It took a while for the young woman at the counter to get her act together, but when she did I found I'd been given good service by that shop yet again. Roland has always been really good about making English-language manuals easily obtainable for its products, but they also charge extra for them. I know this because I've ordered such things from them before. However, this time I was given a loose-leaf, ring-note copy of the English manual for free! That was bizarre, and I can only think that it was a sample copy the shop had had lying around in its back room. (Either that or they downloaded it off the internet and printed it up for me using good-quality paper and a laser printer. Roland apparently made the English version of the manual available for free download in pdf format that very day! Sneaky. When I checked their website myself the week before it was definitely NOT free!) I won't complain, though. Free is a very reasonable price. It's not the first time that shop has done something like that for me, either. I have come wanting to buy tools for my instruments only to have them hand me a spare one they had lying around and say, "Here. Keep it!" That's why I keep going to that shop.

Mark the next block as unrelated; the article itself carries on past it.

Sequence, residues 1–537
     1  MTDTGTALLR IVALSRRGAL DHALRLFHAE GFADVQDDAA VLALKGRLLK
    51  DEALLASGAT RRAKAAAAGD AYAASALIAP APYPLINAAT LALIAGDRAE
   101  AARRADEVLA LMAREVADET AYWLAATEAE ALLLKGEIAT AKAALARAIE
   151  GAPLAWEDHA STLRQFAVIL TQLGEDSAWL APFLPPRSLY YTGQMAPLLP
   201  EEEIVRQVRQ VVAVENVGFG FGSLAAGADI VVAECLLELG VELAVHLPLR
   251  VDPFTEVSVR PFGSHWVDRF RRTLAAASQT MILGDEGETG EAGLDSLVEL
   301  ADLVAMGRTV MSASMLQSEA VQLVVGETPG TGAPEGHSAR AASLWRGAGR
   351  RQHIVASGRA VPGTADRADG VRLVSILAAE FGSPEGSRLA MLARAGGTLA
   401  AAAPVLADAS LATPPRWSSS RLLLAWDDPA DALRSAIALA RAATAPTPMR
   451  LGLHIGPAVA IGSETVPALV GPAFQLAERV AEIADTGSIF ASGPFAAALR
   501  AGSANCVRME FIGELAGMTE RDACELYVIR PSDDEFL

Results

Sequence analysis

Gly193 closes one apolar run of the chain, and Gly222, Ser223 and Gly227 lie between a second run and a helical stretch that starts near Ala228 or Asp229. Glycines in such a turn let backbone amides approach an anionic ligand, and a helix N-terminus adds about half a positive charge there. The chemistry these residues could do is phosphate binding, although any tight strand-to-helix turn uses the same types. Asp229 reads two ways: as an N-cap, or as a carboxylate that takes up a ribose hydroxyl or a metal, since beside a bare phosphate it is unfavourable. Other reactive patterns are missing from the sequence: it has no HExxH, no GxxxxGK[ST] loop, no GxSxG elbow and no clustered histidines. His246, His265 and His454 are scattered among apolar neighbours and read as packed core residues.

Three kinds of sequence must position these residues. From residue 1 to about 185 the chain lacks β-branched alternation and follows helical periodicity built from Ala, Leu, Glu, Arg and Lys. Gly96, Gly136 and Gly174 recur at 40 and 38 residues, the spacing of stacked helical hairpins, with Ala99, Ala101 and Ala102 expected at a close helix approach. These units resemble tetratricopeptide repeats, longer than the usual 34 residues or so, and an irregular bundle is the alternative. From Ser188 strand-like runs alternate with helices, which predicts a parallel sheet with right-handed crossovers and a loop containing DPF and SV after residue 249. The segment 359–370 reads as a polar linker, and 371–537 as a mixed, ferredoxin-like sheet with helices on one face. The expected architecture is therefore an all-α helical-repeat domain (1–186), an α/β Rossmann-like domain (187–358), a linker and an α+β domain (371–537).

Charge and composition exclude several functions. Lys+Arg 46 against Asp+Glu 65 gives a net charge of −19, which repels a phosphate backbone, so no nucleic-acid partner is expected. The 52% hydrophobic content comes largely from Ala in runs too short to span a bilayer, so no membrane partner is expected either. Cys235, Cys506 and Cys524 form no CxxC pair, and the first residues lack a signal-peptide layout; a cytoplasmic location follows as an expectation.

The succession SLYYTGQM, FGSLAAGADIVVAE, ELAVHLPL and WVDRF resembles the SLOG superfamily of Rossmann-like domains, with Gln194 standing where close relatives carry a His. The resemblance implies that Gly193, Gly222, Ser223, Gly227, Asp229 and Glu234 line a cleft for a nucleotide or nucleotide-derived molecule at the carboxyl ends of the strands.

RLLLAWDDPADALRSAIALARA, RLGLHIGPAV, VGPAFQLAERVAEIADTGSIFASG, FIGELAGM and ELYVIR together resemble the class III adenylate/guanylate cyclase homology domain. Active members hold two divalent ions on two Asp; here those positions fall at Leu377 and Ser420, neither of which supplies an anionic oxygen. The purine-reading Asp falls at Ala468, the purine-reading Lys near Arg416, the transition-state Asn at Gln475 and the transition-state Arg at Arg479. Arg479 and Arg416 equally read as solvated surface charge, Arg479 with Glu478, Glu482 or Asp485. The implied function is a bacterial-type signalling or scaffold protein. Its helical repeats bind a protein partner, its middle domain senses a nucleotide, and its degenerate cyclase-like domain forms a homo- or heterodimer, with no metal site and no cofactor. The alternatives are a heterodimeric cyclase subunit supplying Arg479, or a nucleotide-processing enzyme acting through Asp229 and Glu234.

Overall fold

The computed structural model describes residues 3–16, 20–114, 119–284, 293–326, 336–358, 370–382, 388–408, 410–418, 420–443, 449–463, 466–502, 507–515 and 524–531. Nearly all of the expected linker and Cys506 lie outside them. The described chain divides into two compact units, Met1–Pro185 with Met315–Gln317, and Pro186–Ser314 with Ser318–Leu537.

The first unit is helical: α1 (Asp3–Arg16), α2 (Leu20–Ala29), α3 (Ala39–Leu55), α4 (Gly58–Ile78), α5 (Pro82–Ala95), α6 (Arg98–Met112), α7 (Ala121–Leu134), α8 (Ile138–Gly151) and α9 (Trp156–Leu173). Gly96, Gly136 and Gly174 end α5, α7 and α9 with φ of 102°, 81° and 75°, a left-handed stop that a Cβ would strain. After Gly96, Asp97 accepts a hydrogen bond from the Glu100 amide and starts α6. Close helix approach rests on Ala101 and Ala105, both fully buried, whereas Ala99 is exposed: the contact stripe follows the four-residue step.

I had hoped to do some other shopping both at the music store and a couple other shops at the mall, but mindful as I was of both the time and the snow, I decided to cut my visit short. I hopped in my car again. Even despite the still-falling snow, I didn't get far before I wound up deciding to take a not-so-little detour.